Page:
John Holt was the oldest of three children, and raised in the New England region of the USA. He was sent to private schools, whose names he declined to reveal. He said, "... the things I'm supposed to know so much about I never learned in schools." After graduating from university, Holt joined the United States Navy and served on board the USS Barbero, a submarine that fought in the Pacific Ocean. During the war, he concluded that nuclear weapons were the world's greatest danger, and only a world government could prevent nuclear war. After his three-year tour of duty in the Navy, he got a job with the New York branch of the United World Federalists. Starting in the mail room, he became the executive director of the New York branch within six years. However, he became frustrated with UWF's ineffectiveness and left it in 1952.
At the urging of his sister, Holt became a fifth grade teacher. He also spent much time with the babies and young children of his sisters and friends. He was struck by the difference between the 10s (whom he liked) and the 1s and 2s. The children in the classroom, despite their rich backgrounds and high IQs, were, with few exceptions, frightened, timid, evasive, and self-protecting. The infants at home were bold adventurers. After several years of teaching in Colorado, he moved to Boston. It was here that he met Bill Hull, a fellow teacher, and they decided to start a classroom observation project; one would teach, while the other would watch. The notes and journal entries Holt accumulated during his first eleven years of teaching formed the core of two of his most popular books How Children Fail and How Children Learn, as well as his lesser-known and more radical work, Escape from Childhood: The Rights and Needs of Children. These three books detailed the foundational ideas of Holt's philosophy of education. He held that the primary reason children did not learn in schools was fear: fear of getting the wrong answers, fear of being ridiculed by the teacher and classmates, fear of not being good enough. He maintained that this was made worse by children being forced to study things that they were not necessarily interested in.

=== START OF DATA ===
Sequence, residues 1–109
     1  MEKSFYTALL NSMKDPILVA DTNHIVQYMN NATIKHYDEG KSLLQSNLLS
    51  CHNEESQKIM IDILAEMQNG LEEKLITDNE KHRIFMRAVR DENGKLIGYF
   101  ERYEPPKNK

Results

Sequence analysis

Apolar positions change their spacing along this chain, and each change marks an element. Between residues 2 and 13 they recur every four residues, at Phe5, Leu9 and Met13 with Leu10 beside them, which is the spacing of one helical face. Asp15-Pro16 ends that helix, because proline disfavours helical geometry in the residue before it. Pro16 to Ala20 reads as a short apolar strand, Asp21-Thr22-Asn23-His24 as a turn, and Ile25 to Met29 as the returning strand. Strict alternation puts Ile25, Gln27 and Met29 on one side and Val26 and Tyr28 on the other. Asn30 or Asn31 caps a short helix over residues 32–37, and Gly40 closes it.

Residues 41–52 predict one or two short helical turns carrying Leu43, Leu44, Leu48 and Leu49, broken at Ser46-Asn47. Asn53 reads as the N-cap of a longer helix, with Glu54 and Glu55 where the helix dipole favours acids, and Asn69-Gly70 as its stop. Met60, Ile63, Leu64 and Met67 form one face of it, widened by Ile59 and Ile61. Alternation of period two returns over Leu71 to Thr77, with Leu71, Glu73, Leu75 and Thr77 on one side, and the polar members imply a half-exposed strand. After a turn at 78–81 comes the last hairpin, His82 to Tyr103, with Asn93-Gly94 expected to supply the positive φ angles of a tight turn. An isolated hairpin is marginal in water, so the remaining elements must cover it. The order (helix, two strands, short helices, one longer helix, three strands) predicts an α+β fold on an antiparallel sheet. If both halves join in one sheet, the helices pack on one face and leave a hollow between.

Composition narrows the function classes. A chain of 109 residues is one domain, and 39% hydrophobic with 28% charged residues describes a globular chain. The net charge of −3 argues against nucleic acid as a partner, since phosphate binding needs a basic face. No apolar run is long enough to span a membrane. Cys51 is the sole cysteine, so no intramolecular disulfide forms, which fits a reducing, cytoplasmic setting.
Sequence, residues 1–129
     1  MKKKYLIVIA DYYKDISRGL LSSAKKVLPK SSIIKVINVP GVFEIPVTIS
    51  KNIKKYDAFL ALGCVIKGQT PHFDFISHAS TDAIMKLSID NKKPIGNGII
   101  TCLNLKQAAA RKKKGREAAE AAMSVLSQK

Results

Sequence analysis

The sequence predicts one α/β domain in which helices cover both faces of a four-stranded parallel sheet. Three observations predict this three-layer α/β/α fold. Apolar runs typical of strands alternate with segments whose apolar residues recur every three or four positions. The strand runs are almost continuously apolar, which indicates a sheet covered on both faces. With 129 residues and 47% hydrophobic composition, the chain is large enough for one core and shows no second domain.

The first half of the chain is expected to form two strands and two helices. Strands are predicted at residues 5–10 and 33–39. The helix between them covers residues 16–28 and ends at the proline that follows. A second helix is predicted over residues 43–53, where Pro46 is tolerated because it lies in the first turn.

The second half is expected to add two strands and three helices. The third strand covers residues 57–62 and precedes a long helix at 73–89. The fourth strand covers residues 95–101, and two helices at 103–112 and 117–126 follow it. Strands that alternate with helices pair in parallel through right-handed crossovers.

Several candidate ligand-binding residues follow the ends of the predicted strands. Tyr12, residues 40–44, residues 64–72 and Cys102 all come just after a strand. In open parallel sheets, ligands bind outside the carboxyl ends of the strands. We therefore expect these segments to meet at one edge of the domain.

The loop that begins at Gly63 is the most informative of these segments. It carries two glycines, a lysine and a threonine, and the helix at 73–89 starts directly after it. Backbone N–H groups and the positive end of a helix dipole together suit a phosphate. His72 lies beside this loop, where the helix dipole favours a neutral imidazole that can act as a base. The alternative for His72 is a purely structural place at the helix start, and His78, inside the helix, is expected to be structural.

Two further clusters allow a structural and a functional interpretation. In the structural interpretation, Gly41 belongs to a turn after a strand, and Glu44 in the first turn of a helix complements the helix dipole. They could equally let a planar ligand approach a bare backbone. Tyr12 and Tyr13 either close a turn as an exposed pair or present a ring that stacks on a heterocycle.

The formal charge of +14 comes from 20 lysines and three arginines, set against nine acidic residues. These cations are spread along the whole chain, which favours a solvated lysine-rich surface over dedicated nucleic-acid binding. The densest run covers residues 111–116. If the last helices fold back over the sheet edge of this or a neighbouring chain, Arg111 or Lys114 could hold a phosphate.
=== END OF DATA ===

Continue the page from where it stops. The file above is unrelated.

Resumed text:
In 1964 Holt published his first book, How Children Fail, asserting that the academic failure of schoolchildren was not despite the efforts of the schools, but actually because of the schools. Not surprisingly, How Children Fail ignited a firestorm of controversy. Holt was catapulted into the American national consciousness to the extent that he made appearances on major TV talk shows, wrote book reviews for Life magazine, and was a guest on the To Tell The Truth TV game show. In his follow-up work, How Children Learn, published in 1967, Holt tried to elucidate the learning process of children and why he believed school short circuits that process.
Holt became a sought-after speaker and supporter of school reform. He was a visiting teacher for the education departments at Harvard University and the University of California, Berkeley. Up to this time, no book of his suggested any alternative to institutional schooling; he had hoped to initiate a profound rethinking of education to make schools friendlier for children. But as the years passed, he became convinced that the way schools were was what society wanted, and that a serious reexamination was not going to happen in his lifetime.
Holt then ended his teaching career in order to publicize his ideas about education full time. In 1976, he published Instead of Education: Ways to Help People Do Things Better, whose conclusion called for a "Children's Underground Railroad" to help children escape compulsory schooling. Readers of this book contacted Holt, saying that they were educating their children at home. After corresponding with a number of these families, Holt began a newsletter in 1977, dedicated to home education, Growing Without Schooling.
It's not that I feel that school is a good idea gone wrong, but a wrong idea from the word go. It's a nutty notion that we can have a place where nothing but learning happens, cut off from the rest of life. -John Holt